My first fishy find was a school of shrimp Russulas, also known as the shellfish-scented Russula or crab brittlegill. The name is not ironic; the mushroom reeks of shellfish, especially in older specimens. In fact, the shellfish scent is an important ID feature, since the cap color on your sylvan shrimp may be purple, red, pink, orange, yellow, brown, or olive. Even if your Russula does smell shrimpy, be careful – Russulas are notoriously difficult to ID, and for this reason the shrimp Russula does not appear in the ForageCast graphic.

Like all Russulas, the mushroom has brittle flesh that shatters into pieces when kicked or tossed. As fun as throwing Russulas against trees and watching them explode may be, their texture does not earn them points in the kitchen. This is why most Russulas are, in mycologist David Aurora’s words, “Better kicked than picked.” However, the shrimp Russula has a rich enough flavor to trump its brittle texture, and even Aurora enjoys them – especially when marinated and cooked over an open hearth.  So, I resisted the urge to kick today, instead opting for the more peaceful option of “pick.”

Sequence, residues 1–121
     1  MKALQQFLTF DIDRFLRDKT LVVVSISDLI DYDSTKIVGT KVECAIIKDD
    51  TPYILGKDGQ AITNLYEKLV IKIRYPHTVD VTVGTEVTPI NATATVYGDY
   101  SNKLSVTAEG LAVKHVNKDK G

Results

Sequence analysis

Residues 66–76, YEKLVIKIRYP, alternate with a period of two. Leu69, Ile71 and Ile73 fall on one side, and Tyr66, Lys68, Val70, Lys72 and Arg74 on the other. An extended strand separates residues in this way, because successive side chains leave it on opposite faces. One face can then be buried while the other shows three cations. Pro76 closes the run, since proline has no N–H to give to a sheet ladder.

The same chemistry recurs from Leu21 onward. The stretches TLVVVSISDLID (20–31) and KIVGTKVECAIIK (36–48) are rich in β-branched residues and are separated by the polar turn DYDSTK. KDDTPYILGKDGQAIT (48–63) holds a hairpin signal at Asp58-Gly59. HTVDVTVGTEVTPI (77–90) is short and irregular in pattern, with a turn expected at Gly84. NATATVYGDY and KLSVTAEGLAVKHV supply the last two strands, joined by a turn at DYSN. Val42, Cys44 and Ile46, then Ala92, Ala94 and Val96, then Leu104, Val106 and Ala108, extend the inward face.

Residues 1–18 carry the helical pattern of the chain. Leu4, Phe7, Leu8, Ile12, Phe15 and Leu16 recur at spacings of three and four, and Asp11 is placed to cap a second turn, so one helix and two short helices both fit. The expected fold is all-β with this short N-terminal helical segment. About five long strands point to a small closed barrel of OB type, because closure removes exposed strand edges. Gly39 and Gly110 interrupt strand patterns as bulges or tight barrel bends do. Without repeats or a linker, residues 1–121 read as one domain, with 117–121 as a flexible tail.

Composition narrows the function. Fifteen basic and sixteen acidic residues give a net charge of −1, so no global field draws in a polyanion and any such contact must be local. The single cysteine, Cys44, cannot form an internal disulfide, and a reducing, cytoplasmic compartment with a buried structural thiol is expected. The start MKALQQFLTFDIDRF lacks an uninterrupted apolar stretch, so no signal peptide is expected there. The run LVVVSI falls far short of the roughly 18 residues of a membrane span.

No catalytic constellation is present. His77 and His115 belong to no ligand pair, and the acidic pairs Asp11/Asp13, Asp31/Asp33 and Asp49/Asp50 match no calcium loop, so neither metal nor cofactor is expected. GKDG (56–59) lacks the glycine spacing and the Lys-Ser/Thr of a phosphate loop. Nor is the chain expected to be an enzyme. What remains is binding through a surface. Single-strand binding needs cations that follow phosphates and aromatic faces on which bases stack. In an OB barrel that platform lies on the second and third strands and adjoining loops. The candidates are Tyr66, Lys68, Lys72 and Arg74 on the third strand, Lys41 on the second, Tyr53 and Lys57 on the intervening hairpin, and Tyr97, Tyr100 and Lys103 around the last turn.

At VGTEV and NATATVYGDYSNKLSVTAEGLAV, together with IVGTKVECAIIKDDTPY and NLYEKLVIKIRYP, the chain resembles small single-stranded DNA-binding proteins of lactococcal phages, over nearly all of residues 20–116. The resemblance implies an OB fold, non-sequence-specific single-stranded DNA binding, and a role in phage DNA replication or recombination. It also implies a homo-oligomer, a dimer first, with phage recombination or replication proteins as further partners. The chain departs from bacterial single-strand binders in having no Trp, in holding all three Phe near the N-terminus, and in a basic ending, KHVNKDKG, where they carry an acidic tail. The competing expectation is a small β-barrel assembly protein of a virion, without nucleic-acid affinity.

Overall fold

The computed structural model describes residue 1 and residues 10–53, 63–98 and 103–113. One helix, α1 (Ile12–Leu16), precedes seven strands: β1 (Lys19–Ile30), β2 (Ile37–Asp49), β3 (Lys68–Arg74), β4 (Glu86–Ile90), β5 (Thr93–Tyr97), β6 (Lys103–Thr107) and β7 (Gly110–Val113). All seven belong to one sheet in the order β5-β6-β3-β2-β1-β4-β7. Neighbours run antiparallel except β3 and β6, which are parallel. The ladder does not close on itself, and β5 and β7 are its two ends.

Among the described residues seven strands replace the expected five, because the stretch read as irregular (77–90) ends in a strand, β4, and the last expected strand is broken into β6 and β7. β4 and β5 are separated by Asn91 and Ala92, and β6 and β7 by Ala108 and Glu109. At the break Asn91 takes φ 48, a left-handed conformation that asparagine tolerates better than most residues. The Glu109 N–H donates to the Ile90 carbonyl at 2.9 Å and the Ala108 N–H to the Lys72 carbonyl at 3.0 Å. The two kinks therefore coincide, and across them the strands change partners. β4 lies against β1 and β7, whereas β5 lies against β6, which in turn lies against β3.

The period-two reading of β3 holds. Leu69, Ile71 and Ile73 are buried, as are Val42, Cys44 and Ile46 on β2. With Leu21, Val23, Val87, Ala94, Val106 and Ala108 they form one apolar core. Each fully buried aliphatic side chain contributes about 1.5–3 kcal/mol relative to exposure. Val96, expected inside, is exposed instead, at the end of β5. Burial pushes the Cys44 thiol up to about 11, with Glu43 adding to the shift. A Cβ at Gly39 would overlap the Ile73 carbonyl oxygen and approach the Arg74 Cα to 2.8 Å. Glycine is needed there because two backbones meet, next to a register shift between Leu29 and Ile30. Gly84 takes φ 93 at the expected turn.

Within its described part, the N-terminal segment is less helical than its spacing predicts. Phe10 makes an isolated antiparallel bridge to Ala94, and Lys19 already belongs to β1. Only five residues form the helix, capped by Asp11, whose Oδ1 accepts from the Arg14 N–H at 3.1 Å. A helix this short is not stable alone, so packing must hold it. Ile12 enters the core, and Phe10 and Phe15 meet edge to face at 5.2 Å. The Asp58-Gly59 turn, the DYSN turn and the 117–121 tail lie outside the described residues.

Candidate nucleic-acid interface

Once I had enough shrimp, it was on to lobster. Like its namesake, the lobster mushroom is a bottom-dweller, often hiding beneath the duff on the forest floor. Luckily, it is not very good at hiding – its flame red, warty flesh is a dead giveaway that a lobster is lurking among the leaves. This parasitic fungus is one of nature’s great alchemists, turning white, insipid Russula and white, acrid Lactarius fungi into a delicious and colorful mushroom that smells and tastes like the sea.

Go into the woods today and keep your eyes (and nostrils open) for lobster and shrimp Russula mushrooms – you too may be swept away!